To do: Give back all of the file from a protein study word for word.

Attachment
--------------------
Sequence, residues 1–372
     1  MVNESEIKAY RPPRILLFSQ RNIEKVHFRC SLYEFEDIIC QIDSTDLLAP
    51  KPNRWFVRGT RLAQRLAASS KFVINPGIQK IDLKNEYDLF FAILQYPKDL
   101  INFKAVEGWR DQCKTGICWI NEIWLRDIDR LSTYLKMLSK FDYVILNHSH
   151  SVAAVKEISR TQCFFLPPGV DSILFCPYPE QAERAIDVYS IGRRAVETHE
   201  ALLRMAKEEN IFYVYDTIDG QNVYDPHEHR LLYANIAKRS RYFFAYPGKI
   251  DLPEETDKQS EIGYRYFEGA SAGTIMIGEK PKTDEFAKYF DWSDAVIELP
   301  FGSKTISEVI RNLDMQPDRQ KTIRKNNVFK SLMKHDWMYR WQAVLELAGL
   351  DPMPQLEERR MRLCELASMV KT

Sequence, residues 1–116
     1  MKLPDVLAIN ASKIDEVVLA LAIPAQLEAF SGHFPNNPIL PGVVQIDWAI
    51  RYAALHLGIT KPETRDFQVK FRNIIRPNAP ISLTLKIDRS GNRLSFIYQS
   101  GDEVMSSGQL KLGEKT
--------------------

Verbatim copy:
Sequence, residues 1–372
     1  MVNESEIKAY RPPRILLFSQ RNIEKVHFRC SLYEFEDIIC QIDSTDLLAP
    51  KPNRWFVRGT RLAQRLAASS KFVINPGIQK IDLKNEYDLF FAILQYPKDL
   101  INFKAVEGWR DQCKTGICWI NEIWLRDIDR LSTYLKMLSK FDYVILNHSH
   151  SVAAVKEISR TQCFFLPPGV DSILFCPYPE QAERAIDVYS IGRRAVETHE
   201  ALLRMAKEEN IFYVYDTIDG QNVYDPHEHR LLYANIAKRS RYFFAYPGKI
   251  DLPEETDKQS EIGYRYFEGA SAGTIMIGEK PKTDEFAKYF DWSDAVIELP
   301  FGSKTISEVI RNLDMQPDRQ KTIRKNNVFK SLMKHDWMYR WQAVLELAGL
   351  DPMPQLEERR MRLCELASMV KT

Sequence, residues 1–116
     1  MKLPDVLAIN ASKIDEVVLA LAIPAQLEAF SGHFPNNPIL PGVVQIDWAI
    51  RYAALHLGIT KPETRDFQVK FRNIIRPNAP ISLTLKIDRS GNRLSFIYQS
   101  GDEVMSSGQL KLGEKT